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The best way to use an abundance of citrus during the winter season? My vote is for this take on a traditional lemon curd tart, using delicious Meyer lemons and a hint of orange to naturally cut the tartness. For those of you sensitive to cassava and/or coconut, you’ll be happy to hear this citrus tart doesn’t use any of those ingredients, but still tastes as fantastic as ever!
This citrus tart isn’t difficult to make, but I do recommend using a tart pan (I prefer this one) in order to make slicing and serving easier, and recommend having all of your crust fully cooled and filling ingredients ready to go, as the sequence needs to be followed quickly and accurately in order to get the texture just right. Enjoy!
- For the crust:
- 1 cup pitted dates, tightly packed
- ⅔ cup sustainable palm shortening
- 1½ cup arrowroot powder
- ¼ cup maple sugar
- For the filling:
- 1½ cup fresh-squeezed Meyer lemon juice (about 8 lemons)
- ¼ teaspoon ground turmeric
- 3 teaspoons grass-fed gelatin
- ½ cup sustainable palm shortening
- ½ cup maple sugar
- ½ cup fresh-squeezed orange juice (about 2 oranges)
- ¼ cup arrowroot powder
- First, make the crust. Preheat the oven to 350 degrees. Place the dates in the bowl of a food processor and pulse until small granules form. Don't overmix or they will turn into a paste. Add the shortening, arrowroot, and sugar, and pulse until combined into a crumbly mixture. If it is too sticky, add some arrowroot powder one tablespoon at a time.
- Place the mixture in the bottom of a 9-inch tart pan. Use your hands to work the mixture evenly across the bottom and up the sides, pressing it into an even form. Bake for 15 minutes, or until lightly browned - crust will be slightly soft, but develop a firmer texture as it cools. Set aside to cool to room temperature, or about 1 hour.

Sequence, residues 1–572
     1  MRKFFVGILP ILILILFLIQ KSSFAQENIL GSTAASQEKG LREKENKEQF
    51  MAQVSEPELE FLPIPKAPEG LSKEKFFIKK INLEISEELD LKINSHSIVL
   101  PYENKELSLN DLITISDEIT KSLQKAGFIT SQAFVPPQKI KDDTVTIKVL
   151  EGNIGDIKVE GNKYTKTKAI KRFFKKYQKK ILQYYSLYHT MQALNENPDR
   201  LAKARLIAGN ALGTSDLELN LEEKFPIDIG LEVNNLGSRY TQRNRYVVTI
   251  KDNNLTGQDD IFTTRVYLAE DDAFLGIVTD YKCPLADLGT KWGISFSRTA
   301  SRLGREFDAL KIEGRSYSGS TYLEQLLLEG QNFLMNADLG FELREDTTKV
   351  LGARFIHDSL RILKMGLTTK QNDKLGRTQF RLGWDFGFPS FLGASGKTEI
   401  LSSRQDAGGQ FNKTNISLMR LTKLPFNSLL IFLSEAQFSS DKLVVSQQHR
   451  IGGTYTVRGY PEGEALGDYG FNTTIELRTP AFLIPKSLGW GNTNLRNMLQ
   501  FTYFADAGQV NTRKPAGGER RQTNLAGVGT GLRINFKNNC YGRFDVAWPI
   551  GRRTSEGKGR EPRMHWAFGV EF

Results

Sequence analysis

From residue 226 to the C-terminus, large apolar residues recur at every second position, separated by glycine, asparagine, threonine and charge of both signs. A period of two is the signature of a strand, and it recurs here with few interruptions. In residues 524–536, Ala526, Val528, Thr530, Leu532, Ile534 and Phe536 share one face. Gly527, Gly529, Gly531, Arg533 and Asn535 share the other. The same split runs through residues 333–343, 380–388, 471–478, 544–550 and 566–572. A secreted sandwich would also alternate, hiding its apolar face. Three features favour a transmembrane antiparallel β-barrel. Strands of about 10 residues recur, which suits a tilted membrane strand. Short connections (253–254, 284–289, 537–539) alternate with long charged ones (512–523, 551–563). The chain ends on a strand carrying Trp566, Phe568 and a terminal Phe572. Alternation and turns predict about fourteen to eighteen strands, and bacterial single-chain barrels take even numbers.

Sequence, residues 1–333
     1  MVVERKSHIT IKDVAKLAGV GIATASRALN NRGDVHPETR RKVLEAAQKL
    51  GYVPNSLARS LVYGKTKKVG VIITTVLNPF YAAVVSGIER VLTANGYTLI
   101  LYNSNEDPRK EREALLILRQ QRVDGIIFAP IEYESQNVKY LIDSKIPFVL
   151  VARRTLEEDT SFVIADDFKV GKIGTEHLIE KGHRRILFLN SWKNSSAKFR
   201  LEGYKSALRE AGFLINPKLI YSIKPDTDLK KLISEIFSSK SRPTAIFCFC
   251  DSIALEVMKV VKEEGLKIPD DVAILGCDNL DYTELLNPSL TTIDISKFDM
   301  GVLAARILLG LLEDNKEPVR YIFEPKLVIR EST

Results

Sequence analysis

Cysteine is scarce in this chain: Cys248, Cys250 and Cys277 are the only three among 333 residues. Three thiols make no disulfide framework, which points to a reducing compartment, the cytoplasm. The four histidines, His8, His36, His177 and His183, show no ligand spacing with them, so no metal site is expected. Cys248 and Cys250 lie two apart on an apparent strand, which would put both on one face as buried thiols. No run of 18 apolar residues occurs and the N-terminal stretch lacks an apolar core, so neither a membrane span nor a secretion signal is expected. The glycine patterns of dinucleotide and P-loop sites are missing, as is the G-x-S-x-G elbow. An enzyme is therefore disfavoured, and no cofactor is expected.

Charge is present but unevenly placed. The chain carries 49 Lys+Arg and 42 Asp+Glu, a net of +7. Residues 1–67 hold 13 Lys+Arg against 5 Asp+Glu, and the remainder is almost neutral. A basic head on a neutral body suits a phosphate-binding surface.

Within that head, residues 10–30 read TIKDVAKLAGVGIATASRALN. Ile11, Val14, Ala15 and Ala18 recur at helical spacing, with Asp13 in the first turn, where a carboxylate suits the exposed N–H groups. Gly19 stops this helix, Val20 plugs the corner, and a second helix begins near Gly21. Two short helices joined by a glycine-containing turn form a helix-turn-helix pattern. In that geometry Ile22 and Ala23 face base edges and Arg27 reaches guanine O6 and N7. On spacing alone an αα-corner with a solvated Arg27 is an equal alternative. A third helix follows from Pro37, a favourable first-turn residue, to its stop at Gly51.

- When the crust has fully cooled, make the filling. Sprinkle the turmeric and gelatin on the lemon juice and set aside for 5 minutes to bloom.
- Add the shortening and sugar to a saucepan and heat on low to melt and dissolve. Take off the heat and allow to cool a bit before adding the lemon juice, turmeric, and gelatin mixture.
- Stirring constantly with a whisk, heat on the lowest setting until the mixture is lukewarm and all of the fat, sugar, and gelatin are dissolved. Your mixture should be viscous. Take care not to overheat the mixture as it will cause the gelatin to overcook. Take off the heat and set aside.
- In a small bowl, first whisk together the orange juice and arrowroot powder and then add to the pan with the lemon mixture.
- Place the pan with the filling on low heat and cook, stirring constantly with a whisk, until just thickened, about 5 minutes. You'll notice the texture of the mixture change from fully viscous to the texture of thin pancake batter. Do not overcook. When the mixture has thickened, pour immediately into the tart crust.
- Allow to cool for 5-10 minutes before placing in the refrigerator for at least 2 hours to set.
This looks gorgeous! Do you think it would work with coconut oil in lieu of palm shortening (besides adding coconut flavour)?